Color Theory Response

Color theory is a way of approaching color schemes to achieve a wanted effect or visual. The first article explains how the eye works and how it perceives color. From there it explains additive color, subtractive color, and gives possible color schemes. I knew of basic color theory and was able to follow the reading up until it talked about subtractive color. Subtractive color was a bit confusing for me and understanding what color is absorbed to reflect another color lost me a bit. Other than that, I was able to understand the different color schemes like monochromatic, analogous, etc.

In the Goethe article, I like how he saw color as a mix of perception, lighting, and the object itself. Different combinations of the three can change the color of an object. How one person perceives an object will not be the same as how another person perceives that same object. It is interesting how something like color theory can reflect the differences among us as humans and how color theory can show us that everyone is unique.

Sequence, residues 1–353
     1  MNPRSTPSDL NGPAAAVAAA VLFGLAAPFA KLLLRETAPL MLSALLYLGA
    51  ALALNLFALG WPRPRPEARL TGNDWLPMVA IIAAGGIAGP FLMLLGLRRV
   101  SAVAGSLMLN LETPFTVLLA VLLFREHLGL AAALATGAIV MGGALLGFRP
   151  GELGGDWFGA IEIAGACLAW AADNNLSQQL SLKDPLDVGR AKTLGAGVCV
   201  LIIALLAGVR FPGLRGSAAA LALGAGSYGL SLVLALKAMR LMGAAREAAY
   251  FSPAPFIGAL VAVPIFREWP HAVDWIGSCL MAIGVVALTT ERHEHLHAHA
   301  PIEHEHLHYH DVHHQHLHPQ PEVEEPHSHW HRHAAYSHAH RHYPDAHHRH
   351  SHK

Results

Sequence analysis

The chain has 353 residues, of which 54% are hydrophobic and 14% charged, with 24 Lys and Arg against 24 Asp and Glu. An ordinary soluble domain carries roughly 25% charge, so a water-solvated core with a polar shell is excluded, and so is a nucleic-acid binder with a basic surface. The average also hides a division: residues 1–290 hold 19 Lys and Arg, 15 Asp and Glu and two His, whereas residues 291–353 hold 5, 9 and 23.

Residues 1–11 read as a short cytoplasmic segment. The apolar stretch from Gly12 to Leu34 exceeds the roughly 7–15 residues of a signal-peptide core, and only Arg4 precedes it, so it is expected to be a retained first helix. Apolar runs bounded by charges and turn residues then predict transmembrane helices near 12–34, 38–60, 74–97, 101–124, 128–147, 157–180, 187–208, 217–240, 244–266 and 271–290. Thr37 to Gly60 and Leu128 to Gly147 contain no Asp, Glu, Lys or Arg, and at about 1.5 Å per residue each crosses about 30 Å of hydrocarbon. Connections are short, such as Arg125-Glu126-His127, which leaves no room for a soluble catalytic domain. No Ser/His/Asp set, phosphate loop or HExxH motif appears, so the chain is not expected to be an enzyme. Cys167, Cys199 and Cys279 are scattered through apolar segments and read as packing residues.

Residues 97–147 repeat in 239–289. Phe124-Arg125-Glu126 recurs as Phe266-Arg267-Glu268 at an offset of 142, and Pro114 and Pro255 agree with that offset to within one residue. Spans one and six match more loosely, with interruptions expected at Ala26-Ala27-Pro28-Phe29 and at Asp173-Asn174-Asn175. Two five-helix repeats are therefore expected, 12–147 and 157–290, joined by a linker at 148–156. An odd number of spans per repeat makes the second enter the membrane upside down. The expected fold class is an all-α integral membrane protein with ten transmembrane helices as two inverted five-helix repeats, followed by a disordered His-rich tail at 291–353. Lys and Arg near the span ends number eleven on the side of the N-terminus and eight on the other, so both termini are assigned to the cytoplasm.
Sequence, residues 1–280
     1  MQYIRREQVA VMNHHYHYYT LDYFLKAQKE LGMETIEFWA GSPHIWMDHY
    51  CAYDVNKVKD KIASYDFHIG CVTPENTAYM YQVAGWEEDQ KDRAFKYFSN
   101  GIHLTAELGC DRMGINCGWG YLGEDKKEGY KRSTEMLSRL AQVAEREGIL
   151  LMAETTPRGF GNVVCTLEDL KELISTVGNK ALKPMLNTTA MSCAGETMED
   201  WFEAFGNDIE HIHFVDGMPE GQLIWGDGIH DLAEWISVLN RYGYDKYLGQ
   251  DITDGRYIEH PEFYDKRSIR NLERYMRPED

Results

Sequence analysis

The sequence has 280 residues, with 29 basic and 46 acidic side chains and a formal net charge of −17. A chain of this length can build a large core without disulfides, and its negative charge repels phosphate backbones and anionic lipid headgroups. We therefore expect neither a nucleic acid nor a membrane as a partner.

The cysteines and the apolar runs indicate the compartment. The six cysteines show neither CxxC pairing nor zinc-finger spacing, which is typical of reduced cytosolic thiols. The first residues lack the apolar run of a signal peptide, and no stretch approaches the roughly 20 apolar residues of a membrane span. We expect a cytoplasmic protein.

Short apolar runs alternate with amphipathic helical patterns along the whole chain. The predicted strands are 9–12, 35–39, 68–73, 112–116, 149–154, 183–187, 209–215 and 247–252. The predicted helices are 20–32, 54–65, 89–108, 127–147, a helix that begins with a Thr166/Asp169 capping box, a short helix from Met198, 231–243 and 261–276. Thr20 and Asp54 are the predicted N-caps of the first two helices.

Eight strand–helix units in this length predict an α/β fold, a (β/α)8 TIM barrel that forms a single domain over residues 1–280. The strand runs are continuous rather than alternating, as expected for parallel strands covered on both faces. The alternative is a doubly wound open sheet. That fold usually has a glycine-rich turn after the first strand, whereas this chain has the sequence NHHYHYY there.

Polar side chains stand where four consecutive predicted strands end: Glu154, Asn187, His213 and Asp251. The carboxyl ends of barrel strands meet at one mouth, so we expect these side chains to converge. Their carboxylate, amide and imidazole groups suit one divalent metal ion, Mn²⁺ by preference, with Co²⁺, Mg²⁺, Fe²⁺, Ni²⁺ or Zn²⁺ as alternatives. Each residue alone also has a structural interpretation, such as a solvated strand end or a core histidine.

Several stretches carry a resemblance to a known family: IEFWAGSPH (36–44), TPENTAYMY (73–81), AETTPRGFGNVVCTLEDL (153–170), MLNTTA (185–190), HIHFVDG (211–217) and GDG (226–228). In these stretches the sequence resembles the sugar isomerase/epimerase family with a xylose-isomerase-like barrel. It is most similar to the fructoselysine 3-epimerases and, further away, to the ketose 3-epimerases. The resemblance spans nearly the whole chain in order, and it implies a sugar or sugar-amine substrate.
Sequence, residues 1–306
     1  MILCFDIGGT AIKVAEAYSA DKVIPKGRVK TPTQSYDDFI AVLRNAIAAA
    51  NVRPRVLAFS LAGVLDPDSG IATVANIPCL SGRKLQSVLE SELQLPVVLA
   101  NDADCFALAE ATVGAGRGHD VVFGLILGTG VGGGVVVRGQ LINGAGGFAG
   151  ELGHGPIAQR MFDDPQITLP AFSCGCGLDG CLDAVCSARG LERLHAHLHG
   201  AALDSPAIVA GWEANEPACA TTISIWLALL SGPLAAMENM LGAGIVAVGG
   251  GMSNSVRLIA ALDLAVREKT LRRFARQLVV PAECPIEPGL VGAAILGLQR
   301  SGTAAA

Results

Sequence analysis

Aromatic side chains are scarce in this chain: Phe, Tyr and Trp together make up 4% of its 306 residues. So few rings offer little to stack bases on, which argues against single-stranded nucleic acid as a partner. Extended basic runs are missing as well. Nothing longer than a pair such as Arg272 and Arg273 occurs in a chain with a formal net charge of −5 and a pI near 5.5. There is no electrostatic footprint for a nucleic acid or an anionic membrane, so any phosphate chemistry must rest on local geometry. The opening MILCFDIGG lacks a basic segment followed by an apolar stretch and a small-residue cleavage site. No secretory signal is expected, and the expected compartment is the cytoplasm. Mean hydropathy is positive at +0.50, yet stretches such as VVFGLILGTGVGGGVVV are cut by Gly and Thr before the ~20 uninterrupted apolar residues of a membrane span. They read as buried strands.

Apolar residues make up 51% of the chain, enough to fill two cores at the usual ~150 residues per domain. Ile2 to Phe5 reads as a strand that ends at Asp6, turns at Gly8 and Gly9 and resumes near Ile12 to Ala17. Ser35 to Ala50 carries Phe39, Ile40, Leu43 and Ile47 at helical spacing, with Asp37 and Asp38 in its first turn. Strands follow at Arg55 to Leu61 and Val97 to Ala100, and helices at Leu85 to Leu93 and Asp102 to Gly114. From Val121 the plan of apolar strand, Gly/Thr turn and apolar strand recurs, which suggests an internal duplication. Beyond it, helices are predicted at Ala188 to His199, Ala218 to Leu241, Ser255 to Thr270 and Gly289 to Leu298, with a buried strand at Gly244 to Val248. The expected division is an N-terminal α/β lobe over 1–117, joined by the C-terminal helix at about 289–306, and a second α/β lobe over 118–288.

Iterative Design Reading Response

Iterative design is a process through which a work in progress goes through a cycle of testing, analyzing, refining, and repeating to reach a final product. What stuck out to me from this process is its tendency to begin from something very simple, basic, or core to a work and, through iterative design, become a developed project – working from the bottom, up. Iterative design is all about change and improvement. Zimmerman says, “In the iterative design process, the most detailed thinking you need at any moment is that which will get you to your next prototype.” With iterative design, you are always thinking ahead and targeting existing problems so that they are fixed; a work is adjusted over and over and is constantly receiving feedback from others. This design process is helpful in developing core ideas and is something this class intends to implement. Through the critiques and comments we receive from other students, we, as creators, can learn and continue to develop our own ideas to lead to our final product at the end of the quarter. It is by starting from the most basic idea and bouncing ideas off those around us that we can develop something meaningful and enjoyable for ourselves and our intended audience.